Description: Blackbelly Salamanders are the largest
stream salamanders in the southeast, averaging 4-7 in (10-18
cm). They are robust, dark brown or black in color, and usually
have a double horizontal row of light spots on each side.
The belly is black in adults but sometimes flecked with
white or yellow markings in juveniles.
Range and Habitat: Blackbellies range throughout the southern
Appalachian Mountains from Georgia to Tennessee at elevations
of 1,600 to 5,000 feet. They are common in small streams and seeps
that contain a lot of rocks, cobble, and cascades.
Habits: Blackbelly Salamanders are among the most aquatic
Desmognathine salamanders and seldom venture far from water. They
usually hide under rocks by day and hunt at night. As adults these
large salamanders are bold, and are sometimes found resting in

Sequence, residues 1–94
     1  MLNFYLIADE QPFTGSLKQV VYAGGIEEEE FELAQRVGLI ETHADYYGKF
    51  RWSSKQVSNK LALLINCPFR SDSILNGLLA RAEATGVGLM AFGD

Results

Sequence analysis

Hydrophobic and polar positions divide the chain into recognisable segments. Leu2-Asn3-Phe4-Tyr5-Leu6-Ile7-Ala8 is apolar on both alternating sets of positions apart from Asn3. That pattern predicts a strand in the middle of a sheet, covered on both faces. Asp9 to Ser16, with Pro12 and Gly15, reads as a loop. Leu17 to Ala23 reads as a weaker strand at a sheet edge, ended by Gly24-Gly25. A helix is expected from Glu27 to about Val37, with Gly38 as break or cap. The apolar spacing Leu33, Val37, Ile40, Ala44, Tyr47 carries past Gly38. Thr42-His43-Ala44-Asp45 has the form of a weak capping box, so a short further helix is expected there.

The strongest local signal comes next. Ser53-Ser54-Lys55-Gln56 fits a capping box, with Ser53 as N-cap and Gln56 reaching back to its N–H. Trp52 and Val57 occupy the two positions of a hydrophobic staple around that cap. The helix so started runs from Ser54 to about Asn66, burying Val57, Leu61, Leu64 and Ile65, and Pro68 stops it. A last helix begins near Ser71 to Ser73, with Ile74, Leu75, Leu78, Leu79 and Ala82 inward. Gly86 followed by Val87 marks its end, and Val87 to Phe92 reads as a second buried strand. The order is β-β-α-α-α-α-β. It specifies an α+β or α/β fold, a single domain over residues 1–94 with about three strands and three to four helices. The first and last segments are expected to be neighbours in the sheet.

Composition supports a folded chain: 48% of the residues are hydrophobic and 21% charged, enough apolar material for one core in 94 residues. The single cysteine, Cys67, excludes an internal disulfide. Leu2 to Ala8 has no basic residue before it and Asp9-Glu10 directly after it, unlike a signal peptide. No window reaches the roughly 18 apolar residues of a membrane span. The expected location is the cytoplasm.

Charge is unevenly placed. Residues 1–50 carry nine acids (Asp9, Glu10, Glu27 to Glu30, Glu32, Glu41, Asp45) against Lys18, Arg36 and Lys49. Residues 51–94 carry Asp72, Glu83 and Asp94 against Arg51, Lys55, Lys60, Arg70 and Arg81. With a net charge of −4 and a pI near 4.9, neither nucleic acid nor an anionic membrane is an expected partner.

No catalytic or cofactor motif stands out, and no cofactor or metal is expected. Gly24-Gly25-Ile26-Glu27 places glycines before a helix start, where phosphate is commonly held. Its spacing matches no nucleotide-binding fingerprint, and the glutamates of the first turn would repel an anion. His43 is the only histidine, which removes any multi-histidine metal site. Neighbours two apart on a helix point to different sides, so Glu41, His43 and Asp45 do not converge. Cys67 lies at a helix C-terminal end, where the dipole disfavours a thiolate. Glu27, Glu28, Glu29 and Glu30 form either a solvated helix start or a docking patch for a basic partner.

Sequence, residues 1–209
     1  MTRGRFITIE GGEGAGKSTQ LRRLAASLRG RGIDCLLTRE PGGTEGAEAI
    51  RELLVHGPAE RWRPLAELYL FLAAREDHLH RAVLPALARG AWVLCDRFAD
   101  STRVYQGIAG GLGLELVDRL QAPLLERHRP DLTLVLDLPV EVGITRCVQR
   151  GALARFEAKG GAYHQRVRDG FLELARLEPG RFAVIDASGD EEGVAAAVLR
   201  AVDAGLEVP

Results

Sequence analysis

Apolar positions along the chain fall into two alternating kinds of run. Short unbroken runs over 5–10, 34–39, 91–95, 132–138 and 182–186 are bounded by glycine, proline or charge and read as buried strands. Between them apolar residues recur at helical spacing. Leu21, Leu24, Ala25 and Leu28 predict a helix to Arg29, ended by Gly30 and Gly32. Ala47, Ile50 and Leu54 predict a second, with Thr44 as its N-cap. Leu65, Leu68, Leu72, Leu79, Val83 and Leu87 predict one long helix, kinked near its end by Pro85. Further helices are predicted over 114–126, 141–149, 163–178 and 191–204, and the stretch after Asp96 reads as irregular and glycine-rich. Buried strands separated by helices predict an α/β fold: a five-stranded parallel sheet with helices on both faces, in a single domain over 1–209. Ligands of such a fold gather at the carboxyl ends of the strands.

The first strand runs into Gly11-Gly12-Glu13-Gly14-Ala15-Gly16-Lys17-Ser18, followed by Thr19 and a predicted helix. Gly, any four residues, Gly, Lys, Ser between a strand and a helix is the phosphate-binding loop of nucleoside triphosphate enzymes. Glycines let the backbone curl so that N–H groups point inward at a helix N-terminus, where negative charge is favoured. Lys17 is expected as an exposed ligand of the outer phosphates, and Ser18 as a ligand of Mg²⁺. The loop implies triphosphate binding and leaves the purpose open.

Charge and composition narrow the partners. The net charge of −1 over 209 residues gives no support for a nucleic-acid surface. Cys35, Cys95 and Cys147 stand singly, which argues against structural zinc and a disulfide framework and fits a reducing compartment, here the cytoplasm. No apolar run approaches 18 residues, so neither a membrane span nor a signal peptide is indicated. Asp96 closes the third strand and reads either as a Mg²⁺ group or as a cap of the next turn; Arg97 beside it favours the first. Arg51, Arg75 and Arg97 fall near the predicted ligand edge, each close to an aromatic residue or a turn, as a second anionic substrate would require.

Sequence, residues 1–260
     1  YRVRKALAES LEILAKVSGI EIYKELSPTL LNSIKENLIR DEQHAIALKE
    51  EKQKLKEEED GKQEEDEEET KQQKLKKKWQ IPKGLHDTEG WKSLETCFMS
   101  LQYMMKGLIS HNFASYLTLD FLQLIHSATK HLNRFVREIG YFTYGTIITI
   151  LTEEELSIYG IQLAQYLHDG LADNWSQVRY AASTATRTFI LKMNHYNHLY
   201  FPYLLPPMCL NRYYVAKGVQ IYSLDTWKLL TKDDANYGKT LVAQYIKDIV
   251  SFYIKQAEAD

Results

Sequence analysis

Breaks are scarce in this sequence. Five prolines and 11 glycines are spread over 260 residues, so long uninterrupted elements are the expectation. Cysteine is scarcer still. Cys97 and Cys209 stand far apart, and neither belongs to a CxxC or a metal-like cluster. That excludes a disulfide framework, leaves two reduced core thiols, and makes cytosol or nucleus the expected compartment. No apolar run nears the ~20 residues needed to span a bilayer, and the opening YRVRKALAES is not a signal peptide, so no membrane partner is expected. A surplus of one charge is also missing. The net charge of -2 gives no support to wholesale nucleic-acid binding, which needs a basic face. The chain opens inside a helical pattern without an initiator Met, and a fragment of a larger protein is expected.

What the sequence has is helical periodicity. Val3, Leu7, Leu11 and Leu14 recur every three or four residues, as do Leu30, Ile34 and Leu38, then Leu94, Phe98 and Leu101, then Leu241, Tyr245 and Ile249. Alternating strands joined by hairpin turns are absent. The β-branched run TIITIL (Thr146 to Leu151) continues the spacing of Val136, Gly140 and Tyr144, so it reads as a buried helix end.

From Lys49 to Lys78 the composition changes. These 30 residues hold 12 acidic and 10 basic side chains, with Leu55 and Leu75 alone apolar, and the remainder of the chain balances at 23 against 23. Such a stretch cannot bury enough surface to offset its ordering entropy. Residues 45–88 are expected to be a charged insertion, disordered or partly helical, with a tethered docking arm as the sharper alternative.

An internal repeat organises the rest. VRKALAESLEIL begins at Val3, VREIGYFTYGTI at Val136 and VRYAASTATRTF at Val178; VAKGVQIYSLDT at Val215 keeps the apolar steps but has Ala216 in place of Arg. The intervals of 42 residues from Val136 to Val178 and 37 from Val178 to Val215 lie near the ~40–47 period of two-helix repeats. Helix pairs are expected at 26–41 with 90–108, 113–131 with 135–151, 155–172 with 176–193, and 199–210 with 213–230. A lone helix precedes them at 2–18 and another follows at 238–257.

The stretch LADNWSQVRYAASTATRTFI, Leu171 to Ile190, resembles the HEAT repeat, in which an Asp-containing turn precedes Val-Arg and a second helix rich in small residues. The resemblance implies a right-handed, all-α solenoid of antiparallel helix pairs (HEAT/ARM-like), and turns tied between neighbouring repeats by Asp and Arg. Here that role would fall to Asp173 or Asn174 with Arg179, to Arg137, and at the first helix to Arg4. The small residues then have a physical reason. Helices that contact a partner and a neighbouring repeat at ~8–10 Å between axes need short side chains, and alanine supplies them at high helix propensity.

the open during the day. They are known to bite, although painlessly.
15-40 eggs are laid singly on the underside of rocks in spring
and early summer. Young hatch August to September and aquatic
larvae mature in 3.5 years.
Conservation Status: Blackbelly salamanders are common
in the areas they occur and are not listed by any state or the
Camp, C. D. 1997. The status of the black-bellied salamander (Desmognathus
quadramaculatus) as a predator of heterospecific salamanders
in Appalachian streams. Journal of Herpetology, 31(4): 613-
Rissler, L. J., D. R. Taylor. 2003. The Phylogenetics of desmognathine
salamander populations across the southern Appalachians. Molecular-Phylogenetics-and-Evolution,
Account Author: Matthew King, University of Georgia -
edited by J.D. Willson
Comparison of adult blackbelly (left) and dwarf blackbelly (right) salamanders